Antoni Tàpies

The intellectual, the artist, however varied the things he does is basically always writing the same book and developing the same almost unique ideals. Umberto Eco

This quote is particularly pertinent to the work of Antoni Tàpies because of his repeated reference to pilgrimage and the course of time. What, then, is the book that he is writing? This study aims to look at how his various approaches (painting, ceramics, installation) and how his subject matter have driven and shaped his own ‘almost unique ideals.’ By infusing anorganic matter with life and lending it an evocative force Antoni Tàpies has created a highly original and important body of work. His is a creative process based on a seemingly inexhaustible evolution of form, building up complex layers using a number of materials that often recall hermetically sealed sections of wall. Other works rescue apparently worthless objects from oblivion. For many intellectuals and artists the goal is ‘knowledge without impediments,’ or an instinct for truth; what, then, is Tàpies’ goal?

This thesis will aim to put into an Art Historical context the motivation behind Tàpies’ oeuvre. What is it that has set him on his own highly individual and anomalous course?

1. Catalonia

I have found, thus, my source of inspiration by living Cataluña intensely; in Montseny, in the green grey of the scrub oaks, in the blue grey of its mists, in the ochre of its fields… in the grey walls that hide the melancholy gardens… I have found it in Barcelona’s gothic district, whose grey and blackish stones full of scars carry written on them the entire history of a country…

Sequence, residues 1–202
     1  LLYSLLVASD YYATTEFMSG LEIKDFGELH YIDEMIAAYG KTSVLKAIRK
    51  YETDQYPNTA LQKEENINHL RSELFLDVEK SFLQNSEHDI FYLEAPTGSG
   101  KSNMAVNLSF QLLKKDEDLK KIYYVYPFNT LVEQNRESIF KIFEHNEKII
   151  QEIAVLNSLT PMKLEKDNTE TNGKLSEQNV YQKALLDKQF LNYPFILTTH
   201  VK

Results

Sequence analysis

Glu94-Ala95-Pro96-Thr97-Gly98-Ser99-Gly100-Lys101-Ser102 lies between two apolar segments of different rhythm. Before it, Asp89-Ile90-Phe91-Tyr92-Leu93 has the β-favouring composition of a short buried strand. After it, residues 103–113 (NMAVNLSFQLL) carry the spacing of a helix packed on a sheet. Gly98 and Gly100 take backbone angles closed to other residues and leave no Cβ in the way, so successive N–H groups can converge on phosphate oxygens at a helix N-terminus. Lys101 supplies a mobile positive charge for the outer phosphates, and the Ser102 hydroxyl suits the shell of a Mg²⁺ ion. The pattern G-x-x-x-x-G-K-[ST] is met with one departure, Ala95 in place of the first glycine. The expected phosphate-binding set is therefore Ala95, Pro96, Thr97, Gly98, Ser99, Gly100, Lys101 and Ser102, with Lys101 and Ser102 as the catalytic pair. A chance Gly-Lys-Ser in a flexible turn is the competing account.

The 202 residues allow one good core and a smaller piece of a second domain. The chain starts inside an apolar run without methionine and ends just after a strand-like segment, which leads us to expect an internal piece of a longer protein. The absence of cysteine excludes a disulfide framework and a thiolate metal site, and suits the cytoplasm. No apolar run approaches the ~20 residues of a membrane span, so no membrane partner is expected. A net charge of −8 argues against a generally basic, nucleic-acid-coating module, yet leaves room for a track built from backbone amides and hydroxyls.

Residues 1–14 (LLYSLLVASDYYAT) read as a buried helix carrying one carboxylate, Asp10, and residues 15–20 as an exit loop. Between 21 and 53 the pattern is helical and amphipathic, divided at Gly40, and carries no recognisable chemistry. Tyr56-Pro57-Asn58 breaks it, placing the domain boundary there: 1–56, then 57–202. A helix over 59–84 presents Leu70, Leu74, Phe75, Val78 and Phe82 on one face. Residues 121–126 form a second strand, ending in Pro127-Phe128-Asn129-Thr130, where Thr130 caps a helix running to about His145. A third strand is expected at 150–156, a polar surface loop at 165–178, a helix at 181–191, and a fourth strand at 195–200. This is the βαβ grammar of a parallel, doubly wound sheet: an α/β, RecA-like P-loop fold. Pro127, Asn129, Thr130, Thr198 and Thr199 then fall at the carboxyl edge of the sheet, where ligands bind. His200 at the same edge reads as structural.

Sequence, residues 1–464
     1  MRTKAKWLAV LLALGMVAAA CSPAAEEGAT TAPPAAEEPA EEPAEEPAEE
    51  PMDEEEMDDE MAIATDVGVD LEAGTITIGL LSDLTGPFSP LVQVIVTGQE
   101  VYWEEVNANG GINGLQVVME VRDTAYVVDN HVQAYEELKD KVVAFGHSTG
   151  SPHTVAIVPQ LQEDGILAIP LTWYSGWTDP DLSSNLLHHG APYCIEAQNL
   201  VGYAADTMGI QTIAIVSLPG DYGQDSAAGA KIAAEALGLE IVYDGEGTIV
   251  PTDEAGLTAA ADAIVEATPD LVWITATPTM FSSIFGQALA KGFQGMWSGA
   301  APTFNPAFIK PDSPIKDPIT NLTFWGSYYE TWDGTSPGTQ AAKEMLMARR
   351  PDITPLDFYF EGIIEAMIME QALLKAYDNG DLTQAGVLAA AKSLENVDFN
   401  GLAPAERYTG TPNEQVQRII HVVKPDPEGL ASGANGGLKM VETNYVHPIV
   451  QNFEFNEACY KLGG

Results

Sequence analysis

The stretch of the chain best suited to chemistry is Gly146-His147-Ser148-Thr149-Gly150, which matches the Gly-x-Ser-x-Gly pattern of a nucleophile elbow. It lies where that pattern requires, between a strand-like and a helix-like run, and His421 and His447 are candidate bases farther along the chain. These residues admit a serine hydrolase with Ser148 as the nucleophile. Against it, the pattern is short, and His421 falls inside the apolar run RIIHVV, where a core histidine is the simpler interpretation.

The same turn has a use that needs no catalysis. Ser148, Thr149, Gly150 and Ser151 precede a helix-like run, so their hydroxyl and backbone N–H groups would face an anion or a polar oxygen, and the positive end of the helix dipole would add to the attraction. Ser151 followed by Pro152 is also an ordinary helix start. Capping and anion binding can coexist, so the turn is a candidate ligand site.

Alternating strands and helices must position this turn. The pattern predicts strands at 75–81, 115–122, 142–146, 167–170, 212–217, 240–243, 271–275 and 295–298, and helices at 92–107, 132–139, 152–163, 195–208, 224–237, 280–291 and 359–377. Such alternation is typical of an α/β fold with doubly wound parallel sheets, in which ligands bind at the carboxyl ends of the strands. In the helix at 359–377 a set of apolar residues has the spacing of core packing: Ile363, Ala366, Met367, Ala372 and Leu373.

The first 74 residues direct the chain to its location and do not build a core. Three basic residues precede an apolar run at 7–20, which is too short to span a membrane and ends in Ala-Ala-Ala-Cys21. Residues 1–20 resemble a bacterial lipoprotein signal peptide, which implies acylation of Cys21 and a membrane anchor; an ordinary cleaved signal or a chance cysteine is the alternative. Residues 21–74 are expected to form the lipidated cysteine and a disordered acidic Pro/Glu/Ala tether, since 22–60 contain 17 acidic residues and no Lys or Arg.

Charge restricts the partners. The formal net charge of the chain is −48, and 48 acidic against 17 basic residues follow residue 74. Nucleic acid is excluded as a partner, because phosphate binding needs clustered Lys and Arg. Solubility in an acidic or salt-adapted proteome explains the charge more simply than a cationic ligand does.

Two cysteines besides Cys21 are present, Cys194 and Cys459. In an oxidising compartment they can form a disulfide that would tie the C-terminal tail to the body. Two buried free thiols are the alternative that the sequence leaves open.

Catalonia offers the cultural backdrop to the work of Tàpies. It is the place where he grew up, the basis for his subject matter and he is fiercely proud of his Catalonian heritage and an advocate for independence. He came of age in a milieu that was humbled and silenced by Franco’s dictatorship whose persecution and suppression allowed only the production of work filled by the hollow pathos of officially sanctioned art. The avant-garde positions that had emerged from modernismo and flourished in Barcelona to international acclaim, the work of Picasso and Miró in particular, were denounced and placed on the index. Fascism prohibited everything that did not conform to their notion of common sense and decency. His family, in particular his father, were keen to prevent him from pursuing a career in art and he was encouraged to study law instead. He showed great resolve and belief to pursue his artistic vocation in a climate of stifling conservatism. Accordingly, his attempts as a boy in art are untutored and conventional in character; they rely on a kind of classical linearity taken from his favourite artists at the time – Holbein the Younger, Pisanello, and Ingres (all master draftsmen). He realised soon that this was not enough and he began to reject traditional art, realising that it was the only way to find the freedom of expression that he envisaged. Self-portraits drawn in convalescence from illness in 1944 illustrate the aforementioned traditionalism; they are self-examinations that in aesthetic terms are still quite generalized and impersonal despite the potentially strong personal subject matter (Self-Portrait, 1944). A more idiosyncratic style and expressive standpoint appear in Self-Portrait (1945), which shows a greater freedom of use of the medium, and bases itself more confidently on the imagination. There are also from this period early steps to abandon traditional, academic canons and adopt the heavy impasto style that he would become synonymous with. He wrote around the time that ‘I applied the paint in extremely heavy impasto, to show my disdain for academic painting.’ In Painting-Relief (1947) the contours of the figure are emphasized to the point of relief, and it is the thickness and direction of the marks that delineates the figure due to the almost monochromatic palette. Some of the compositions in this series even evince symbolic content that Andreas Franzke felt recalled Edward Munch. Two paintings that also anticipate his later works are Collage of Rice and String (1947) and Newsprint Cross (1946-47). Both show his discovery, after Dubuffet, of the inherent potential of found, everyday materials (taken away from their usual significance) for himself. These two works illustrate a shift in his interests for other reasons too; a transition from heightening the presence of the subject by means of material qualities (Collage with Rice and String) to using a more absolute employment of materials (Newsprint Cross), largely removed from representation. The latter work uses the motif of a cross, one that would recur again and again throughout his oeuvre, and initially it was considered as a blasphemous assault, triggering fierce protest from the church. In truth the cross represents a formal element of this programmatic work, its significance heightened by the contrast of material between newsprint and the painted background. It also acts as a point of interest compared with the irregularly shaped elements using collaged paper. The breakthrough to works of a wall-like nature, which can be seen as a reaction to art informel and also with textures that appear to translate Surrealist automatism into hard, tangible terms, came in 1954. They attempt to show, in a hermetic and metaphorical manner, how human contact, the passage of time and the stain of fascism have altered an everyday and a voiceless subject; the wall. They are full of enigmatic scars, alongside marks or symbols painted over them and the shapes left by sections that have ‘crumbled away.’ Ocher (1954) is one of the earliest works redolent of a section of wall. It marks a transition from subtle, painterly evocations of an uncertain space to the stressing of material qualities; the example here is the rising element at the centre of the composition. Large Gray Painting, No. III (1955) has a literally physical weight, given by the hard, gritty substance applied to the surface; this gives it the feel of a sealed, impenetrable wall (a barrier impossible to permeate, both encapsulating and preventing intrusion). The surface has been injured, scarred by the artist, as if as a reminder of the artist’s working process, of his presence in the creation and also suggests an attempt breakthrough the wall in an escape attempt. The arched shape in the lower quarter of the painting provides the illusion of damage to the wall and the illusion of mortar, having accidentally squeezed out from between joints, forces the eye to read this negative shape as an element in its own right. Also apparent in this work, and others such as Gray with Black Marks, No. XXXIII (1955), is his refusal to work with primary colours for the reason that he considers that the colours he has found and uses express best the nuances he is looking for. He states in the earlier quote his fascination with the old, rusticated (by nature) walls of the Gothic Quarter as abstract documents showing every scar and stain of history. These works illustrate his obsession with Catalonian heritage and are not factual historical documents; they are his reaction to historical events.